Wednesday, April 8, 2015

Review: Tarot Café

Title: Tarot Café (2002)
Author: Sang-Sun Park
Genre: Comedy, Mystery, Drama, Fantasy, Horror, Romance, Shoujo, Shounen Ai, Supernatural
Volumes: 7

You voted and here it is, the first manga review...well, manhwa, which is almost the same thing. Anyway, the reason I wanted to do this is because I read a lot of manga and I know manga is just as in demand as anime. I don't get to share or recommend manga that often either. I've attempted a book review, but they didn't seem too popular. So, the only book reviews I do now are book to movie comparisons from time to time. Anyway, let's move on to the first manga review on Muddy Cult!

Meet Pamela, a tarot card reader who helps supernatural beings living in the human world. She'll help anyone, whether they're a love-stricken cat, a vampire spending eternal life running from his one true love, an unattractive waitress looking for the man of her dreams, or even a magician who creates a humanoid doll to serve the woman he loves. Although she is good-natured, there is a deep dark secret that she must deal with before she can move on to the next life. (Source: Tokyopop)

Every now and then, I want to try something new at my workplace, so I pick up interesting sounding series from the shelves. I also look through the library's collection to stop myself from buying manga for a certain amount of time. So, I've read a few manhwa in the past, so I don't discriminate against them in the least. Hopefully, I will be able to share my thoughts on them. When I began reading the first volume, I wasn't completely sure if I wanted to continue forward or not, but usually when I feel uncertain after reading the first volume, I read the next one to see where my feelings lie. Once I started reading the second volume, I had a clearer picture of what I felt about the series.

The story contains a lot of fantastical, horror-ish themes throughout. It has one overarching story dealing with Pamela's mysterious past and several subplots throughout each volume that involve the mystical and supernatural clients that visit Pamela for a reading. If you're not familiar with tarot cards and how to read them, the manhwa gives plenty of details during the readings for the characters and in between each chapter. So, this could be helpful for those who are interested in tarot. Because of the multiple plots throughout the series, it took me a while to really get into it and care about Pamela, but the characters are so intriguing and unique that it was hard not to give it another chance to delve into the story more. Initially, I wanted Tarot Cafe to be a standard main plot focus like most manga series, but after about the fourth volume, I was more adjusted to reading the clients' backstories that eventually connected to Pamela's past. The characters are very interested and you gradually began to care more and more for the reoccurring cast. I also find myself attaching to some of the smaller charaingers in the subplots as some of those stories were truly heartbreaking or admirable. Lastly, I really enjoyed the gothic art style of this manhwa. I think that was another reason I wanted to give it more of a chance while reading.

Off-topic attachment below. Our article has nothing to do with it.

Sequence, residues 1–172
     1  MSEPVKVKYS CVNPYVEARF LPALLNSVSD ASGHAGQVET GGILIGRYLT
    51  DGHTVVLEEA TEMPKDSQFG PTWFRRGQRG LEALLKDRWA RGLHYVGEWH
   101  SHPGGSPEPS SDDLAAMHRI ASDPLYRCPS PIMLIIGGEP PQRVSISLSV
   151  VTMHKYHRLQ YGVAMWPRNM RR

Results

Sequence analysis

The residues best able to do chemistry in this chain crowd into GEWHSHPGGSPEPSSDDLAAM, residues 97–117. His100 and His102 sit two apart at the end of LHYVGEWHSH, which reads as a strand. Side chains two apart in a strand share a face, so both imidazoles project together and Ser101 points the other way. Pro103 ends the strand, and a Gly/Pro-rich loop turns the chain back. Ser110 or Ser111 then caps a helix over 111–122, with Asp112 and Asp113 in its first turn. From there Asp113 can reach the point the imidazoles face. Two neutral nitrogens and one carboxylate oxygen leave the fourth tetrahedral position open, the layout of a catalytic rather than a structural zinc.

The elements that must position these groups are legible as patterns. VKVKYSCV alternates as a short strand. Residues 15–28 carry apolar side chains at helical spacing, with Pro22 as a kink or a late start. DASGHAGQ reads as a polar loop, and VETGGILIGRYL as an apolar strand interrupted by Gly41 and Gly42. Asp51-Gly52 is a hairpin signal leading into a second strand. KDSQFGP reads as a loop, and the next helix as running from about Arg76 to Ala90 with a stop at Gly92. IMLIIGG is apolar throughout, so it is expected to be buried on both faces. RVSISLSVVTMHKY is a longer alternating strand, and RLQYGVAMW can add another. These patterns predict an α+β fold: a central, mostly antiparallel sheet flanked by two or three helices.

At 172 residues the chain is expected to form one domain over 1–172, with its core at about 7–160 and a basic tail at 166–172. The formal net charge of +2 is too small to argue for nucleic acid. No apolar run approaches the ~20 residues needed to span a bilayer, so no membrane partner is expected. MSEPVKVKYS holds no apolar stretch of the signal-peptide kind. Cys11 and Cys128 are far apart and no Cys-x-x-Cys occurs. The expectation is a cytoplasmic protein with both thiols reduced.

This is a fairly short series and I'm glad they didn't force it to be anything longer that what it ended up being. The story may take some adjusting to as it incorporates smaller stories in the larger plot. The characters are well rounded, whether they're part of the main cast or simply a client at Pamela's cafe. It may be a tiny bit confusing toward the final two volumes, but things do end in a clearer presentation. The art is unique and fitting for the subject matter. I would recommend this to those who are not oppose to tarot cards and enjoy a little romantic flare mixed with horror and supernatural elements.

Rating: 3/5

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